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Lets say a scheduler which is part of the system is responsible for sending weekly emails to users. Should the "scheduler" be treated as an actor or should this modeled as a use case?

Guidelines for choosing actors say: If: its an actual person interacting with your system. If "Yes" its an Actor Else: Is it something you can change within the system. If "No" its an Actor

The scheduler is not a person. And you can change how it function. But my gut says this can be an actor. A little help would be great.

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3 Answers 3

The more high level guideline say: If it helps you understand the design, include it in the diagram. If it only introduces unnecessary noise, leave it out.

Also, an even higher level guideline: Use common sense.

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I often model schedulers and other time-related external agents as actors. It makes sense, it's understandable, doesn't contradict anything within UML or the common practice of OO modelling, and it fits well with most implementation strategies.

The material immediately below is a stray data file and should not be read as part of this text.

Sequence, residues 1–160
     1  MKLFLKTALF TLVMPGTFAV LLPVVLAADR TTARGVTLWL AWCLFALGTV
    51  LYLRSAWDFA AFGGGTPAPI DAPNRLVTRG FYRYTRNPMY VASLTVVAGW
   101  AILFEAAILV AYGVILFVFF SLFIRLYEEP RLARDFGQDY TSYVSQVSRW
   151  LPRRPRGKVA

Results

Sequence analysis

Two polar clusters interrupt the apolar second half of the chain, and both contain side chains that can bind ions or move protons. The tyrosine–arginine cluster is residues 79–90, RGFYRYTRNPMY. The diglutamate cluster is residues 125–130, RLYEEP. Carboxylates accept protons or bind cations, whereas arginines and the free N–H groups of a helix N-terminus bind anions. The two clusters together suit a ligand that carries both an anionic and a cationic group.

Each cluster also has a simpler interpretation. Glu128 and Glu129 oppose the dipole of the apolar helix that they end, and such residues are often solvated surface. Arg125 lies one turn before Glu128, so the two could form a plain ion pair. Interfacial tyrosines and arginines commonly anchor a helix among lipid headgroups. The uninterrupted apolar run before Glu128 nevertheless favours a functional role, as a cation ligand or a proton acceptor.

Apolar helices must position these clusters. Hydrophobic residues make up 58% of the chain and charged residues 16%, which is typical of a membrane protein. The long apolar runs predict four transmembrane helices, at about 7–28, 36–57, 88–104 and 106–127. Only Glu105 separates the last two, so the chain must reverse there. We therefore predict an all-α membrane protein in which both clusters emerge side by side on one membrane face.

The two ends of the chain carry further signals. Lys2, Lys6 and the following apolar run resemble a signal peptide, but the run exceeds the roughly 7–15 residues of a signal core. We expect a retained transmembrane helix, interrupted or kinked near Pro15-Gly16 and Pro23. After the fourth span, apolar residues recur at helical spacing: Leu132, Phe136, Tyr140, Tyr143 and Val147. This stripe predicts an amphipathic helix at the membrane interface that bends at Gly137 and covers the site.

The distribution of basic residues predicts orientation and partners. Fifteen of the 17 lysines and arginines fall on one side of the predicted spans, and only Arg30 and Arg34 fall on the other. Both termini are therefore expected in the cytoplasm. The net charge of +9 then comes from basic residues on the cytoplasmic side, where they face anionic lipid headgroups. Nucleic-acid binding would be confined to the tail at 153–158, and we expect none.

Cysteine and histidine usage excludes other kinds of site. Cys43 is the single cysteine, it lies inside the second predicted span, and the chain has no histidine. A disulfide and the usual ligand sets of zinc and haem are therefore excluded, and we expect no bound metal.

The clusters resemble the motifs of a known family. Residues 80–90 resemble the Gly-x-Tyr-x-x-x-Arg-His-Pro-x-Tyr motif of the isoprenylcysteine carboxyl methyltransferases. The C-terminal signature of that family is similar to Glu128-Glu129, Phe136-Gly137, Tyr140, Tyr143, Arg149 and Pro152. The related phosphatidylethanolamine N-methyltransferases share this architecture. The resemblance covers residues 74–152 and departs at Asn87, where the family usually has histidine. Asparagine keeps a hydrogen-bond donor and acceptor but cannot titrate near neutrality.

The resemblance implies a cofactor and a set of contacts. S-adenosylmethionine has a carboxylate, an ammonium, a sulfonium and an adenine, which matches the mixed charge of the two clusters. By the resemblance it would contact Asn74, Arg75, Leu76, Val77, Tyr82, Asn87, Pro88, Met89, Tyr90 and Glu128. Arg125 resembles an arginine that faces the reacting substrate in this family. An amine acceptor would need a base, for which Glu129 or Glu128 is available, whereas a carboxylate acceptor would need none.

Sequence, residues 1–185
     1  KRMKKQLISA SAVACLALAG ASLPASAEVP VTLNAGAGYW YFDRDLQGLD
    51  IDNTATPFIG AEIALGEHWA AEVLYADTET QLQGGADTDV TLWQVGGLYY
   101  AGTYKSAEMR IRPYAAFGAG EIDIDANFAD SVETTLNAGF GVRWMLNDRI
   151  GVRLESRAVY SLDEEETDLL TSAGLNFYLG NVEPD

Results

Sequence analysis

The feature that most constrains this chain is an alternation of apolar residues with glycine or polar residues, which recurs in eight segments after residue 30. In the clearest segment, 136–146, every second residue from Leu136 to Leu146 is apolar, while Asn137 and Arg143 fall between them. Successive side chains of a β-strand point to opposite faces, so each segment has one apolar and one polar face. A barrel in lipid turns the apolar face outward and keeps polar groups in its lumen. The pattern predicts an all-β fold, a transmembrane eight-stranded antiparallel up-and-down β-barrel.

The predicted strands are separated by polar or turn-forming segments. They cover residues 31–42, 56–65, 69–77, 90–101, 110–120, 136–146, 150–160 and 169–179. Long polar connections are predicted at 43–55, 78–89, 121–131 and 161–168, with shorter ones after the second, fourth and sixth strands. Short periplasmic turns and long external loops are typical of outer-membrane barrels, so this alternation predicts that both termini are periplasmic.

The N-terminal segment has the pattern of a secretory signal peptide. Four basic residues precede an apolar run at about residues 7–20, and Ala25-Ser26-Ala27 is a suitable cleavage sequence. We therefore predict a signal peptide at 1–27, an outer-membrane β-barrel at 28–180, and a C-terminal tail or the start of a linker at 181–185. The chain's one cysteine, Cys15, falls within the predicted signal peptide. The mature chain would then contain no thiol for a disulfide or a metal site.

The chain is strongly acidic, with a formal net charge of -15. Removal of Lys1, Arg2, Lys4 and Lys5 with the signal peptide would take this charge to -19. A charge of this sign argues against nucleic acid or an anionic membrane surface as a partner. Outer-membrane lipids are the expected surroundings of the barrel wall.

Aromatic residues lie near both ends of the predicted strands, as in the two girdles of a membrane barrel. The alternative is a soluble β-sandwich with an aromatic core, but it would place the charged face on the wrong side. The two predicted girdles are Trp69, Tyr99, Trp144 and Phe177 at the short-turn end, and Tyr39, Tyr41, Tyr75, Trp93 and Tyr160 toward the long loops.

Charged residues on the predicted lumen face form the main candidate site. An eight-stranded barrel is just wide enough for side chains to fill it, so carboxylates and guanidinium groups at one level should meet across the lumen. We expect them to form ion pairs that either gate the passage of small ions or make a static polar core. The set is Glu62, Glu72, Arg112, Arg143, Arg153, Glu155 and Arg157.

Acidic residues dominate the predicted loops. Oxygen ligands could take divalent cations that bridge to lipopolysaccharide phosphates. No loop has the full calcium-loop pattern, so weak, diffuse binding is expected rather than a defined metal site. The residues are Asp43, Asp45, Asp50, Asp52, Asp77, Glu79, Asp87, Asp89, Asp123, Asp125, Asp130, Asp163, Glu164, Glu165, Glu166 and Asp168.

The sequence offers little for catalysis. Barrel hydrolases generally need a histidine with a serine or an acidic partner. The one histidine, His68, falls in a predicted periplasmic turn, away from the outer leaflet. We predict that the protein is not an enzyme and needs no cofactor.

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A risk could be that you use use case (diagrams) as design technique rather than requirements technique. I prefer to use case for capturing requirements. –  Onno Jun 21 '12 at 7:29

@CesarGon A risk could be that you use use case (diagrams) as design technique rather than requirements technique. As requirements technique focus would be on user goals against system and actors interacting with system. TIME actor doesn't have user goals against system so I try to find the actor that has goal or interest against system. Who cares when weekly email is not send? TIME actor I add as secondary actor. TIME actor helps a 'real' actor reach user goal.

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